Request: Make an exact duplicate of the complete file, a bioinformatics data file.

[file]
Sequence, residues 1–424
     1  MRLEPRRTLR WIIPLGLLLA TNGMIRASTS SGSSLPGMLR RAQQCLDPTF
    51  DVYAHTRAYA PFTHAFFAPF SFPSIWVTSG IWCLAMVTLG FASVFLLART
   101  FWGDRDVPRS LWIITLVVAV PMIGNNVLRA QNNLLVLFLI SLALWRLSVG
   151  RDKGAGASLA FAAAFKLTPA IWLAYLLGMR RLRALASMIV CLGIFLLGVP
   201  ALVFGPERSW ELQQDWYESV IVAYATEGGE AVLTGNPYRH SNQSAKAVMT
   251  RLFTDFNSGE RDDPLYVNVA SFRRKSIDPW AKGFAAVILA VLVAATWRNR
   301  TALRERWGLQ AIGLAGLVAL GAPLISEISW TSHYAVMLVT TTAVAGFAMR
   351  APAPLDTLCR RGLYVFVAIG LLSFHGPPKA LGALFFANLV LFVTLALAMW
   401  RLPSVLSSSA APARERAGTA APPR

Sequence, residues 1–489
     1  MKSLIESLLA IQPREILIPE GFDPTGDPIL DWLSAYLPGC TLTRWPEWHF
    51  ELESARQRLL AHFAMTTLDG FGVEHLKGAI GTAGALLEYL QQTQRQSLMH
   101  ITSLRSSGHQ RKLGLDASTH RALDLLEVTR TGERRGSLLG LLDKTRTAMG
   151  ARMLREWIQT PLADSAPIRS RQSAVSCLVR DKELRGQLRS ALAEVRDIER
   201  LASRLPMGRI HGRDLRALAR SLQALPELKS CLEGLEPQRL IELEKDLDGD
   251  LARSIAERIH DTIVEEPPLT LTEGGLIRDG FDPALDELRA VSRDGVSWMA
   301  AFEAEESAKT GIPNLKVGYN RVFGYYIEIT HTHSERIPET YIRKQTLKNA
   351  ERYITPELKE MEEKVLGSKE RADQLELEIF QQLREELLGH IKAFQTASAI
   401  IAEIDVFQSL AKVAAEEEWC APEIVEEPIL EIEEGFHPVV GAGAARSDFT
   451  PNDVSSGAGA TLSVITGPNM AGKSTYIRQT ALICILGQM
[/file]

Sequence, residues 1–424
     1  MRLEPRRTLR WIIPLGLLLA TNGMIRASTS SGSSLPGMLR RAQQCLDPTF
    51  DVYAHTRAYA PFTHAFFAPF SFPSIWVTSG IWCLAMVTLG FASVFLLART
   101  FWGDRDVPRS LWIITLVVAV PMIGNNVLRA QNNLLVLFLI SLALWRLSVG
   151  RDKGAGASLA FAAAFKLTPA IWLAYLLGMR RLRALASMIV CLGIFLLGVP
   201  ALVFGPERSW ELQQDWYESV IVAYATEGGE AVLTGNPYRH SNQSAKAVMT
   251  RLFTDFNSGE RDDPLYVNVA SFRRKSIDPW AKGFAAVILA VLVAATWRNR
   301  TALRERWGLQ AIGLAGLVAL GAPLISEISW TSHYAVMLVT TTAVAGFAMR
   351  APAPLDTLCR RGLYVFVAIG LLSFHGPPKA LGALFFANLV LFVTLALAMW
   401  RLPSVLSSSA APARERAGTA APPR

Sequence, residues 1–489
     1  MKSLIESLLA IQPREILIPE GFDPTGDPIL DWLSAYLPGC TLTRWPEWHF
    51  ELESARQRLL AHFAMTTLDG FGVEHLKGAI GTAGALLEYL QQTQRQSLMH
   101  ITSLRSSGHQ RKLGLDASTH RALDLLEVTR TGERRGSLLG LLDKTRTAMG
   151  ARMLREWIQT PLADSAPIRS RQSAVSCLVR DKELRGQLRS ALAEVRDIER
   201  LASRLPMGRI HGRDLRALAR SLQALPELKS CLEGLEPQRL IELEKDLDGD
   251  LARSIAERIH DTIVEEPPLT LTEGGLIRDG FDPALDELRA VSRDGVSWMA
   301  AFEAEESAKT GIPNLKVGYN RVFGYYIEIT HTHSERIPET YIRKQTLKNA
   351  ERYITPELKE MEEKVLGSKE RADQLELEIF QQLREELLGH IKAFQTASAI
   401  IAEIDVFQSL AKVAAEEEWC APEIVEEPIL EIEEGFHPVV GAGAARSDFT
   451  PNDVSSGAGA TLSVITGPNM AGKSTYIRQT ALICILGQM